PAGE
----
How and why is the Grotesque Used in Tennessee Williams’ A Streetcar Named Desire?
Throughout this semester, we were introduced to varying degrees of literary styles and themes. From the epiphanies discovered through American Realism, to the skepticism explored through Literary Modernism, to the conflicts of social conformity and individualism approached by a Post-Modernistic America and its writers. We have had the great opportunity of being exposed to individuals who questioned and pushed the boundaries of creativity and expression. Tennessee Williams was an author and playwright who balanced the enigmatic, macabre, and often cruel disintegration of his characters with a poetic grace. He became the keystone of a style that is known as Southern Gothic.
A Streetcar Named Desire became the quintessential manifestation of the grotesque through the unraveling of the “Old South”. More specifically, his themes on the conflict between the “sensitive, non-conformist” individual against conventional society, the disintegration of the southern woman, and the divergence between southern gentiles and northern brutality to which all of Williams’ characters contributed to in some degree.
The grotesque style of literature supplies the reader with a historical as well as social perspective. This provides a metaphorical reference to the “dying” South and the struggle to exist against the progressive ideals of the North, all the while, fraught with trying to keep the Southern identity and dignity intact. It is stated that “A common description (of the grotesque) has to do with causation: Southern grotesque is often said to be the literary aftermath of historical misfortune.” (Presley 37).
If we take into account the surrounding setting of the play, “…a two-story corner building on a street in New Orleans which is named Elysian Fields and runs between the L & N tracks and the river (Elysian Fields is a New Orleans street at the northern tip of the French Quarter, between the Louisville & Nashville railroad tracks and the Mississippi River. In Greek mythology the Elysian Fields are the abode of the blessed in the afterlife.) . The section is poor but, unlike corresponding sections in other American cities, it has a raffish charm” (Klinkowitz & Wallace 2187), the reader is thrust into the ensuing chaos before any of the characters are even introduced. Williams was very particular about each detail with regards to the style in which he was writing. The drama is not only a result of the surroundings, but is a symbiotic portrayal of the daily lives that exist within the grotesque. “The disorders are threefold: narcissism, familial conflict, and dream-like confusion”: (Presley 37).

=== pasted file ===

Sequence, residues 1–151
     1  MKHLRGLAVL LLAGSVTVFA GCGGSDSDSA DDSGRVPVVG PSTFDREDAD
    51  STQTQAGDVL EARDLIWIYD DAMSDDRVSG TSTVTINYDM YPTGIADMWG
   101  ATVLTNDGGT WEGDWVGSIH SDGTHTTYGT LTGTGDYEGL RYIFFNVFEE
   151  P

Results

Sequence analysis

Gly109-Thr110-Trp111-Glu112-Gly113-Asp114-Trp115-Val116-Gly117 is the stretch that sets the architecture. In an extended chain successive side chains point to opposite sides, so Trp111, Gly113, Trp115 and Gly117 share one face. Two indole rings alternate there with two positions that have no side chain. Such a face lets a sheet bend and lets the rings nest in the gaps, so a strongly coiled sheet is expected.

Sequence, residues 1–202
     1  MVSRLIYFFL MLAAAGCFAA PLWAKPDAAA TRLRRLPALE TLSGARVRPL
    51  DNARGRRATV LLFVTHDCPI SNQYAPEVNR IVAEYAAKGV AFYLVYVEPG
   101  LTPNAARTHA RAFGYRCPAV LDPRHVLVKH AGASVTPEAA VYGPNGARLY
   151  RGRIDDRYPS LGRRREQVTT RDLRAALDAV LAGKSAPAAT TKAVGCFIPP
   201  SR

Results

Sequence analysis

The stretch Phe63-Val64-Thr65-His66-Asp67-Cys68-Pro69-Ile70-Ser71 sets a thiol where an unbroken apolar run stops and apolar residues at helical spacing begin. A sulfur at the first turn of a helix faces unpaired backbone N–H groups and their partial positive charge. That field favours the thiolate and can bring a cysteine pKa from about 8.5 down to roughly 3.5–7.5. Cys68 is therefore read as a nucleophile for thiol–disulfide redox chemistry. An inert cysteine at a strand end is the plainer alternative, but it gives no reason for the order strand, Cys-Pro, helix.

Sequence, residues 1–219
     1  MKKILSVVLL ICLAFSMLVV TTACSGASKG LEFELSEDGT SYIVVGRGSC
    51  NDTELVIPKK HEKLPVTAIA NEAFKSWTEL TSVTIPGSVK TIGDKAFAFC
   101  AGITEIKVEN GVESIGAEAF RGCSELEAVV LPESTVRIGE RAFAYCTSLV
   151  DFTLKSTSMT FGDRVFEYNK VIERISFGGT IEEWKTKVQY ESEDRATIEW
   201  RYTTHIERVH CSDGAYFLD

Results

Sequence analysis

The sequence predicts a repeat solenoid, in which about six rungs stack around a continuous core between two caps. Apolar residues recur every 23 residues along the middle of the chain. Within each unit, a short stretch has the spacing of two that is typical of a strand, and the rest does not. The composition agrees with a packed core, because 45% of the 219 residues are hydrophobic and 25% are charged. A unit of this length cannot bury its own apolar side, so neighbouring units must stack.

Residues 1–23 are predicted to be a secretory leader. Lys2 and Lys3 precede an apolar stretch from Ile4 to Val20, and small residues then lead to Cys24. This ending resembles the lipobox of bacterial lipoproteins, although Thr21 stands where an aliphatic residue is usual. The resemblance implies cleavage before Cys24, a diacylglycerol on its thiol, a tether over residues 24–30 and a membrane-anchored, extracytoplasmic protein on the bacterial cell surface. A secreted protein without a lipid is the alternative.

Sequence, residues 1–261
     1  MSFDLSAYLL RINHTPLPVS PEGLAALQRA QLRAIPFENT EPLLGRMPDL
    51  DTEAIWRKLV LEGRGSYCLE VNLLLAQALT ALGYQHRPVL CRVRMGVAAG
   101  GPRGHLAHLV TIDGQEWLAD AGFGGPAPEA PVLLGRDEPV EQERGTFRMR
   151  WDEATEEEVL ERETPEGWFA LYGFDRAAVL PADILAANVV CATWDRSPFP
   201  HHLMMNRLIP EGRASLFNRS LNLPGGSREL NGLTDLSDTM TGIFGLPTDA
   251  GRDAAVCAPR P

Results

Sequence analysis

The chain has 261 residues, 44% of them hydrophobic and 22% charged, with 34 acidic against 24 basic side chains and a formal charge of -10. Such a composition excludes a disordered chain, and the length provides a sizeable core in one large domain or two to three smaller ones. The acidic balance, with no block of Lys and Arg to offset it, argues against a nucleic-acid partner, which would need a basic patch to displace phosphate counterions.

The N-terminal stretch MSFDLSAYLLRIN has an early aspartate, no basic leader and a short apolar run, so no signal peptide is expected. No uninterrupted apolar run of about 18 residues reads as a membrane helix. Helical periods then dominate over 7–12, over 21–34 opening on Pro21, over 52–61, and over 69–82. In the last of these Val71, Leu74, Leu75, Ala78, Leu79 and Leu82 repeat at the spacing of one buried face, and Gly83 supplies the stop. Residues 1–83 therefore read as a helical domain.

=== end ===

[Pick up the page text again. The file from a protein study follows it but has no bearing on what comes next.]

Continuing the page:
The Southern Gothic, grotesque style of writing can best be characterized by the profound ability of an author to evoke feelings of disgust while contrarily evoking feelings of compassion among his/her audience as well as between the characters within the work. These emotions are presented and contained within, what seems to be, a lost individual. This character may also display traits of incontinence due to physical or mental incapability. “Literature of the grotesque, according to the authoress, is distinguished by a moral or theological vision not usually associated with realistic works. Freaks appear in her fiction, she said, to reflect quite simply what man is like without God” (Presley 38).
In keeping with the grotesque, Williams’ A Streetcar Named Desire stretched the boundaries of this theme through the representation of the disintegration of the southern woman. By exploring the torrid longing of his character, Blanche Dubois, and her desires and fears. “Grotesque writers are “faced with the reality that they live in an age whose distortions function as indicators of how far man has drifted from his true image as a creature of God.” In this vein, Williams explores the corruption of mankind, along with its difficulties in...
Citations: Baym, Nina, Jerome Klinkowitz, and Patricia B. Wallace. The Norton Anthology of American Literature. 7th ed. Vol. E. New York: W. W. Norton &, 2007. Print. (2193)
Presley, Delma E. "The Moral Function of Distortion in Southern Grotesque." Editorial. South Atlantic Bulletin May 1972: 37. JSTOR. Web. 9 Apr. 2012. .
Ribkoff, Fred, and Paul Tyndall. "On the Dialects of Trauma in Tennessee Williams ' A Streetcar Named Desire." JSTOR. JSTOR, 17 Aug. 2011. Web. 4 Apr. 2012. (327)
Please join StudyMode to read the full document